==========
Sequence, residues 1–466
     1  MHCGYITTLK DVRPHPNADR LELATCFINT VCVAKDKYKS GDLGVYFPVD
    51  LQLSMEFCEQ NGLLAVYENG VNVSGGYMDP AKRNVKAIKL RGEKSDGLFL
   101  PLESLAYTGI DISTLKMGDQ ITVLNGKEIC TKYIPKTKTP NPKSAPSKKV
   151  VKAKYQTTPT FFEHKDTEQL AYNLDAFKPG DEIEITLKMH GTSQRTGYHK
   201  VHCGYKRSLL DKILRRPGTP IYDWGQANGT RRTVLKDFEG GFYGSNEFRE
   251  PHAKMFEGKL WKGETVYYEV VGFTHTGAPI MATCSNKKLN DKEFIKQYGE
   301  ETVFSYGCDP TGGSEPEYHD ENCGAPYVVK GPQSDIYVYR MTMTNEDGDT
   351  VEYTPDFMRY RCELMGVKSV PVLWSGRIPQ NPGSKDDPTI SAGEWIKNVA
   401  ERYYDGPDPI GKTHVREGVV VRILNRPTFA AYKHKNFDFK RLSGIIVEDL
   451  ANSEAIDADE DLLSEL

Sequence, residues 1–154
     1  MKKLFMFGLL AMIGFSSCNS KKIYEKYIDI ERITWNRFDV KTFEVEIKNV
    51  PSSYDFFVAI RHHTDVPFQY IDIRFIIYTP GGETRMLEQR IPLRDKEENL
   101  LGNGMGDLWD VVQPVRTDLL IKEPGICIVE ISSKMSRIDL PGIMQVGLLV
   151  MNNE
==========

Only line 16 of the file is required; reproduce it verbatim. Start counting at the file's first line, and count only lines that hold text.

   151  MNNE